The crown, with its shape suggesting radiance, has its source from subtle planes. With its flowers, centers of attraction, it reflects cosmic principles and shows that the Queens have access to the Universal.

            Her white hair represents a complex and synthetized radiance of mentality, while its scattered locks denote a great willpower, without being dominated by one side or the other–that is, by the left pole over the right or vice-versa.

            The passivity of the Queens is expressed by their sitting position and, except for the Queen of Batons, by their orientation towards the left. This posture is more boldly expressed by the Queen of Swords, since her incubation is deeper than that of the other Queens, and it is reinforced by the close fitting of her clothing, signifying that her workings are confined to within.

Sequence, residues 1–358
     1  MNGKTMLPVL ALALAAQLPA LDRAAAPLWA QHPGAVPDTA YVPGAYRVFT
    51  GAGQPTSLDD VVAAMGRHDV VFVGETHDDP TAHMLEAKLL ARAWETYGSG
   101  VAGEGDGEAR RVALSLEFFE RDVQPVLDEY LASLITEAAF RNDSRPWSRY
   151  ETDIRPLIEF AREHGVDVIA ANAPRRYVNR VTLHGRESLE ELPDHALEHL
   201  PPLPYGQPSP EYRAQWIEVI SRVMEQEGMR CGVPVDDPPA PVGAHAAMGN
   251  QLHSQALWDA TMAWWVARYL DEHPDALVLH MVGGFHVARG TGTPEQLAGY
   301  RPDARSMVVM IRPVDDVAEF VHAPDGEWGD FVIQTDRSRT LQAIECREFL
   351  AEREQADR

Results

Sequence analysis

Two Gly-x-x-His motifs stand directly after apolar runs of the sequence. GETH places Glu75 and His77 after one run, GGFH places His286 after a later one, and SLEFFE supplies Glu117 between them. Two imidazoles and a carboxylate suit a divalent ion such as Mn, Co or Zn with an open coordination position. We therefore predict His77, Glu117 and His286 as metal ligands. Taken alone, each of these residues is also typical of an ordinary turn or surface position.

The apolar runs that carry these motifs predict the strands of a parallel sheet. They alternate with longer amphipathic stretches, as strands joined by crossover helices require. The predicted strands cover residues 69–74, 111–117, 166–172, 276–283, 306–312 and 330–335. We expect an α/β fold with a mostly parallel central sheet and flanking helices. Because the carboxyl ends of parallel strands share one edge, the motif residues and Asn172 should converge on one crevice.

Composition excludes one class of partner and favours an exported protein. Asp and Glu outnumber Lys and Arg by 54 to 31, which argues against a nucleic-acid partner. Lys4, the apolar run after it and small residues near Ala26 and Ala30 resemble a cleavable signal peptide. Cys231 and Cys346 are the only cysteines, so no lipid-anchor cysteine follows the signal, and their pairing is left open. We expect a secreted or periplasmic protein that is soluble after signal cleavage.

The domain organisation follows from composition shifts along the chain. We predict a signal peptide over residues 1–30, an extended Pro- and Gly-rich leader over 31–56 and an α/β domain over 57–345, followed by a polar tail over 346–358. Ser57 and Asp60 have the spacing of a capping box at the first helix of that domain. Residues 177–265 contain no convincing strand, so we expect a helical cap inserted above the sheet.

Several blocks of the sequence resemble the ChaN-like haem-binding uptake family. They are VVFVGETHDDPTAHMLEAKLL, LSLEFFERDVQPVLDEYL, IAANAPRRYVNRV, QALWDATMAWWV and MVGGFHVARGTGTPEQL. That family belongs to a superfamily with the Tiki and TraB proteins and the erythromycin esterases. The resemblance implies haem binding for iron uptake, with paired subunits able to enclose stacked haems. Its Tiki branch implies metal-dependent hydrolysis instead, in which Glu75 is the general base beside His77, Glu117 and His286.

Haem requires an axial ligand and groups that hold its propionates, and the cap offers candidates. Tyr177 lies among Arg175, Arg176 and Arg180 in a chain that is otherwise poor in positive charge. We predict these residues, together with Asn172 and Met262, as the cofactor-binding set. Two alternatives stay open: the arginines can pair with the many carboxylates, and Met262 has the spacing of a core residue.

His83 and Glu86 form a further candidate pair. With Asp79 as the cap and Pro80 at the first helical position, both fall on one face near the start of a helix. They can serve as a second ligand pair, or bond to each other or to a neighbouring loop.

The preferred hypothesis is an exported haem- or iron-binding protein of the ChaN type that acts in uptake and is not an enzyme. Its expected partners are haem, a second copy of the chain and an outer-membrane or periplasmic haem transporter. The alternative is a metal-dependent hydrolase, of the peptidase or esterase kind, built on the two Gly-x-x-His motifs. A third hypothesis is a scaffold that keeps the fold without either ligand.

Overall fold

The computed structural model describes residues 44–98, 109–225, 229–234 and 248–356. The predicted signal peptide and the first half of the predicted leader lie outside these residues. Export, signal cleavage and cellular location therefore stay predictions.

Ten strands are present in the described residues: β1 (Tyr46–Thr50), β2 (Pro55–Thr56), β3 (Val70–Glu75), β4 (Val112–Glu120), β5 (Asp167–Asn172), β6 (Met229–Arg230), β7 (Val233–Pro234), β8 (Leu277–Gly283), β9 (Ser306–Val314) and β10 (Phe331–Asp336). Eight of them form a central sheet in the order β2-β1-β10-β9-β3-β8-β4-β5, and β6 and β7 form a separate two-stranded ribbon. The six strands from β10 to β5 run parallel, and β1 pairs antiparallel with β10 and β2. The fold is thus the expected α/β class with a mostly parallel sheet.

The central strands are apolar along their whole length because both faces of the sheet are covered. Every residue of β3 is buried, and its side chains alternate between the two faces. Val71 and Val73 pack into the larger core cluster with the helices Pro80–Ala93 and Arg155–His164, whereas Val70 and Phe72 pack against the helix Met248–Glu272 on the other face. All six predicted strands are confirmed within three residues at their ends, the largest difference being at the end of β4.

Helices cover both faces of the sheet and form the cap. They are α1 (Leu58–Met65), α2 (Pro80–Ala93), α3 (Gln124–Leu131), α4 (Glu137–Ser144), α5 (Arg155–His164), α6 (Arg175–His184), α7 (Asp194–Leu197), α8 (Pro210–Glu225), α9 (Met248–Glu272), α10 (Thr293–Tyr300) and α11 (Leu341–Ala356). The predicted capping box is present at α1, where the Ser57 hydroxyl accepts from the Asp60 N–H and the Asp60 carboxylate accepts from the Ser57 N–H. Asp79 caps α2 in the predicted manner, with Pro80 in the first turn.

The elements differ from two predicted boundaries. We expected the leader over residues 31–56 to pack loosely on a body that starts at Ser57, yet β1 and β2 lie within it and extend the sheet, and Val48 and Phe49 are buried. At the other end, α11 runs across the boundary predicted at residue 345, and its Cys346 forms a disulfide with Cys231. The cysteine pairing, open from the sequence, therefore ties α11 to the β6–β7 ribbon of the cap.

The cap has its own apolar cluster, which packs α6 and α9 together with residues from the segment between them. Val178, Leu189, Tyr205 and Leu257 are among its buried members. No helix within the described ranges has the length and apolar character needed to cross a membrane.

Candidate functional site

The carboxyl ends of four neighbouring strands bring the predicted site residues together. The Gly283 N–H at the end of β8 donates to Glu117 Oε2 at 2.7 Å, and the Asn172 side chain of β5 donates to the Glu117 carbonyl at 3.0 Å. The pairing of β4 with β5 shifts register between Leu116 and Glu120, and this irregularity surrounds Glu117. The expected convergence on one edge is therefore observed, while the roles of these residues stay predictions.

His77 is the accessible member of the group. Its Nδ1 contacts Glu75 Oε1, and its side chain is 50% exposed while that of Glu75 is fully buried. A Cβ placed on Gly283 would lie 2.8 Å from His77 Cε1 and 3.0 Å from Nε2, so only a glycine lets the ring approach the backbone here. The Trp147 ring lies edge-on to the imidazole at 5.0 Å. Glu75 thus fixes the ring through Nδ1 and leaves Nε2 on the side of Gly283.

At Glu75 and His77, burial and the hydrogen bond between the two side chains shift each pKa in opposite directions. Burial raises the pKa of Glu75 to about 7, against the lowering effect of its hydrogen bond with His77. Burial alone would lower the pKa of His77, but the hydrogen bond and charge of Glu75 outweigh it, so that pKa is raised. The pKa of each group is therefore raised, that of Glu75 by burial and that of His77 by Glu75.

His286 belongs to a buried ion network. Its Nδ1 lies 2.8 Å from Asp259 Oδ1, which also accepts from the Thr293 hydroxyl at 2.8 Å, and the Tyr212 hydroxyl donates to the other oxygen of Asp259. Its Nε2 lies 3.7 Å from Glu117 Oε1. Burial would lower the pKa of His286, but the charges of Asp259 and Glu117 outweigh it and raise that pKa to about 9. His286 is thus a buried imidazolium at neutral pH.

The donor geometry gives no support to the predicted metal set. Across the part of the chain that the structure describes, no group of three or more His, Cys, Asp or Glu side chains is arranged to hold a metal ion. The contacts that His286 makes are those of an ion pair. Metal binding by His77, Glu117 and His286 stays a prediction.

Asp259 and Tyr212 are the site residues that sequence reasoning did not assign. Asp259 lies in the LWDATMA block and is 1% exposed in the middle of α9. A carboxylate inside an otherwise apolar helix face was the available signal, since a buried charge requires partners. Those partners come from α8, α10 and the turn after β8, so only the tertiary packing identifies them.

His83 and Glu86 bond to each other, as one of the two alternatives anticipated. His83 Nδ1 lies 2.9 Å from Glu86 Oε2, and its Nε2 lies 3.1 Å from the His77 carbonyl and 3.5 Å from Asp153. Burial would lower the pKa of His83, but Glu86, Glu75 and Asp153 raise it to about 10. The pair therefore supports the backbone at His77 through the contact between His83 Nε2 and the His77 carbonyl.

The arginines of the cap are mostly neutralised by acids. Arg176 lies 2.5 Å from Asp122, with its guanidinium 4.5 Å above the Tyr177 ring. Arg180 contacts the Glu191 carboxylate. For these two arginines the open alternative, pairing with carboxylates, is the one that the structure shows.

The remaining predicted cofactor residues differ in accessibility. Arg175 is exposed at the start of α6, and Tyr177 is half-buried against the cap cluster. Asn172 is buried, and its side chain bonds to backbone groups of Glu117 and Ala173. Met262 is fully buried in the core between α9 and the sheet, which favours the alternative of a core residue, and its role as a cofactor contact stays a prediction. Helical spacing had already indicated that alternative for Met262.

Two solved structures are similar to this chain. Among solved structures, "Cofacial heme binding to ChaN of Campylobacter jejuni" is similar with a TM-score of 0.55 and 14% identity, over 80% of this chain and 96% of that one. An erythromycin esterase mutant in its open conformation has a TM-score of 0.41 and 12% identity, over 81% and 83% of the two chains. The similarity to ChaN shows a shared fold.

In sum, her pose and attendant characteristics underline the specifically mental nature of the card.

Specific Analogies

            The sword which she holds indicates that her role is to judge, since a sword slices, decides between two things, symbolizing judgement, and this must be impersonal and inspired by synthetic points of view, as the Queen’s white hair defines it.

            This sword is red, because we ask it for solutions in the material world, and its hilt guard is yellow in order to show that intelligence must intervene by avoiding judgement subservient to the material world. Her gaze directed towards the red sword on the left equally indicates that she must dive into herliabilities, that is to say, into her achievements in the physical world, to develop the elements of her decision.